A ritual is something that we observe and perform very carefully, even meticulously. Wikipedia defines ritual as "a sequence of activities involving gestures, words, actions, or objects, performed according to a set sequence." Other definitions speak of performing a sequence of actions with ceremony - i.e. with sacredness and awe. There is more attention to be brought to a ritual, not less. It's like the opposite of a habit.

And if we love habits for their ease, we dislike rituals because of their difficultly. Performing a ritual requires effort and our brains don't like to expend effort. Effort is energy - a resource that must be protected at all costs.

And that is why when we create a ritual that we eventually want to automate, we need to start very, very small. That is the other mistake we make when we try to create habits. We attempt to create full-blown behaviors instead of small, precise actions. And that's in part because we don't anticipate or give credit to the awareness and effort that is required. In the book Thinking Fast and Slow, author Daniel Kahneman explains that when we do something that doesn't come naturally to us it demands a continuous exertion of effort. He says, "The often-used phrase "pay attention" is apt: you dispose of a limited budget of attention that you can allocate to activities, and if you try to go beyond your budget, you will fail."

This is why it's not easy to simply create a habit of say eating mindfully. That might seem relatively easy compared to something like exercising because there's less to do. You don't have to change your clothes or decide what exercise to do. You're going to eat anyway, so you're only adding mindfulness and attention to the equation. Except that the focus and attention is draining.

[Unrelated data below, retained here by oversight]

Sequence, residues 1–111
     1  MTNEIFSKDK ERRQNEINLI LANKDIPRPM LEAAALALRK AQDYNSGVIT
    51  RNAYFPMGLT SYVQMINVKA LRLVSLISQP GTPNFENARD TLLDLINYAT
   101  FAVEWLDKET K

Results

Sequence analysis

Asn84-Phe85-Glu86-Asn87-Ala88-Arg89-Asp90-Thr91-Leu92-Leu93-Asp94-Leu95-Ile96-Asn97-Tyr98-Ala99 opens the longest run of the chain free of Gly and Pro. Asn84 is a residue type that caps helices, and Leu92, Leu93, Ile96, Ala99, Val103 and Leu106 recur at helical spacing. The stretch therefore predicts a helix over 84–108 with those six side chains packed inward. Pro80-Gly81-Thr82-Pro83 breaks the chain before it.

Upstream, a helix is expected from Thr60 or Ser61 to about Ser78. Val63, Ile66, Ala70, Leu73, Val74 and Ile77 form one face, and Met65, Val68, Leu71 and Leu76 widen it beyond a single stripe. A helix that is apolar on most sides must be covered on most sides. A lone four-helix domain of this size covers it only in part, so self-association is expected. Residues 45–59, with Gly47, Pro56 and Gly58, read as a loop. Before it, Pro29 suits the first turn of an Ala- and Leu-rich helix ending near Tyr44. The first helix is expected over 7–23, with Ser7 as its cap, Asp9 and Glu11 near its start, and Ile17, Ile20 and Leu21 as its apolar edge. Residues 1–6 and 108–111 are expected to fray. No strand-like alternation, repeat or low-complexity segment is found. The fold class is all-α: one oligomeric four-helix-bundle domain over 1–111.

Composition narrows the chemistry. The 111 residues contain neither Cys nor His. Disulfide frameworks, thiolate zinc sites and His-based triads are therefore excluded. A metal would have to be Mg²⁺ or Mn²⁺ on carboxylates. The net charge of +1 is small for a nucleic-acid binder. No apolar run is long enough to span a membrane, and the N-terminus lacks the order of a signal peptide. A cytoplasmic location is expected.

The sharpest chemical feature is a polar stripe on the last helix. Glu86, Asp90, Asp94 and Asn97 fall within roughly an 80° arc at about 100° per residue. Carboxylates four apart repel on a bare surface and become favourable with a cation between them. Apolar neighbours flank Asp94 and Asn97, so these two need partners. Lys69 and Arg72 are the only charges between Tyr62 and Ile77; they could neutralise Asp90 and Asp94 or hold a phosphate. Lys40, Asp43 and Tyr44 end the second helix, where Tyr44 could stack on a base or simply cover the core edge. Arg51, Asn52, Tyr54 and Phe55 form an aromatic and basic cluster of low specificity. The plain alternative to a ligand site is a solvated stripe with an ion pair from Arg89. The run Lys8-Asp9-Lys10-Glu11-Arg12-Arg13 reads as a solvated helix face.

So instead of setting the intention to eat mindfully during your entire meal, you're much better off to create a small, precise action like noting the texture of your food after you take your first bite. And that's it, until that ritual becomes less effortful and you don't feel overwhelmed to add on. And this part is really critical. Common advice tends to use only half of this wisdom.

I'm sure you've heard that the trick to getting yourself to exercise is to just get yourself to do that first step, such as changing into your exercise clothes. And then since you have them on you figure you might as well go for that jog or whatever it is you intend to do, and so you do. But this can backfire. As far as habits and rituals are concerned, it's detrimental to bite off more than we can chew and if you exhaust your brain it's going to remember and encourage you to avoid the behavior the next time around.

And so again, you are probably better off to just change your clothes and that's it, until that becomes a habit and you can add another small step - something like walking around the block, or maybe just walking out the door . Seriously, the easier the step, the easier it is for your brain to encode the behavior such that it does turn into a habit.

The other key when you do begin to create a ritual behavior is to anchor your new, desired action to another action that is already a habit. For example, if I want to create a ritual of journaling in the morning, I should look to the morning habits I already have in place - things like showering, getting dressed, making coffee and breakfast. For me journaling would work very well once I've made coffee, and so my coffee habit can be used to anchor or give foundation to my new journaling habit.

And I'm going to remember to get as small and specific as possible about both my new ritual and my old habit. Instead of planning something like, "After I make my coffee, I will write in my journal" I'm going to say "After I take my first sip of coffee, I'm going to sit down with my notebook" And again, that's as far as I need to take it initially in order to start wiring those two actions together in my brain. And ideally the ritual will build somewhat naturally from there. In a few days, I might work up to writing just one sentence each day, later on maybe a paragraph.